As I was going to St. Ives
I met a man with seven lives;
In seven sacks,
Like seven beeves
On seven racks.
These seven lives
He offered to sell,
But which was best
He couldn’t tell.
He swore with any
I’d be happy forever;
I bought all seven
And thought I was clever,
But his parting words
I can’t forget:
Isn’t over yet.
Ogden Nash, 1902-1971
Those of us who took the time, applied the energy, and verified the veracity of Trump’s statements knew very early on during his campaign that the man was seriously fact challenged. We also came to realize very quickly that he was clueless in so many ways. Indeed he is perhaps the most unqualified person in the history of our nation to seek and eventually win the office of the presidency.
Since assuming office he has proven that our views on him were indeed quite correct. Please take the time to read the linked article on his first 100 days.
Guess the whiney Trumpbots just don’t have a sense of humor. In step with their der leader.
Trump, pandering to religious conservatives plans to sign an executive order relaxing restrictions on churches being able to be involved in politics without losing their tax exempt status. A move that weakens the separation of church and state that has been a hallmark of our democracy since it infancy.
Churches serve the purposes of like-minded faith advocates to gather and hear religious philosophy and sermons. They have absolutely no business participating in the secular business of governing. When the United States of America starts down that ill-advised and dangerous path we will become no different from any other state that allow religion to influence their actions. Think Radicalized Islam for starters.
As an aside, churches should not enjoy tax exempt status in the first place. But that’s a discussion for another post perhaps.
From The New York Times.
WASHINGTON – President Trump plans to mark National Day of Prayer on Thursday by issuing an executive order that makes it easier for churches and other religious groups to actively participate in politics without risking their tax-exempt status, several administration officials said.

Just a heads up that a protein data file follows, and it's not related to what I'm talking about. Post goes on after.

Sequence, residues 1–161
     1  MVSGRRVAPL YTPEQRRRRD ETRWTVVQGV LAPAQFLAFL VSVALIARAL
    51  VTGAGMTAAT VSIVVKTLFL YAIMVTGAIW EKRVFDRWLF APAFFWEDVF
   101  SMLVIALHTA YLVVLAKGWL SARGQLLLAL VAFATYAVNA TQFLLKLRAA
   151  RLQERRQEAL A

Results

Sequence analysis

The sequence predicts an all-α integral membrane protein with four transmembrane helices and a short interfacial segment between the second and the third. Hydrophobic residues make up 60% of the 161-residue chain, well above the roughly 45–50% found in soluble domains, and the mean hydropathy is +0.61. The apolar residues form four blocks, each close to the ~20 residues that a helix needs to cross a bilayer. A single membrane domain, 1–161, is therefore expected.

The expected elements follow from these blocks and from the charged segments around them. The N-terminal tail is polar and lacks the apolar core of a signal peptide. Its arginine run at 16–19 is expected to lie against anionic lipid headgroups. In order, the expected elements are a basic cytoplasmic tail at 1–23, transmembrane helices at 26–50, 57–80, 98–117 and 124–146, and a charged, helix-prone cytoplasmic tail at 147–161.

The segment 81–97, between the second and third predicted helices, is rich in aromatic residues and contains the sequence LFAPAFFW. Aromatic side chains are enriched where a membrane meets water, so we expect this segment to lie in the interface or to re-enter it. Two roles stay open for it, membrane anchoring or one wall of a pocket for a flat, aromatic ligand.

Taking action as he hosts conservative religious leaders Thursday morning, Mr. Trump’s executive order would attempt to overcome a provision in the federal tax code that prohibits religious organizations like churches from directly opposing or supporting political candidates.
The move is likely to be hailed by some faith leaders, who have long complained that the law stifles their freedom of expression. But the order falls short of a more sweeping effort to protect religious liberties that has been pushed by conservative religious leaders since Mr. Trump’s election.
Many clergy members say they do not want to endorse political candidates from the pulpit because it could split their congregations and distract from their religious messages. This appears to be the case even among evangelicals, although it is Mr. Trump’s conservative evangelical advisers who encouraged him to address the issue.
It was unclear Wednesday whether Mr. Trump also planned to issue a separate order that would exempt some religious organizations like churches from Obama-era regulations requiring protections for gay men, lesbians and others.
A coalition of evangelicals, Roman Catholics, Mormons and Orthodox Jews has been eagerly awaiting a so-called religious liberty order, which they also hope will exempt religious entities from providing their employees with coverage for contraception in their health care plans.
Several conservative religious leaders said they expected Mr. Trump to issue such an order.
Perhaps Mr. Trump will explain how and why his support for religious entities becoming active in politics, as well as discriminating against LGBT individuals, is any different from Muslim nations that embrace the same.
The NYT article continues BELOW THE FOLD.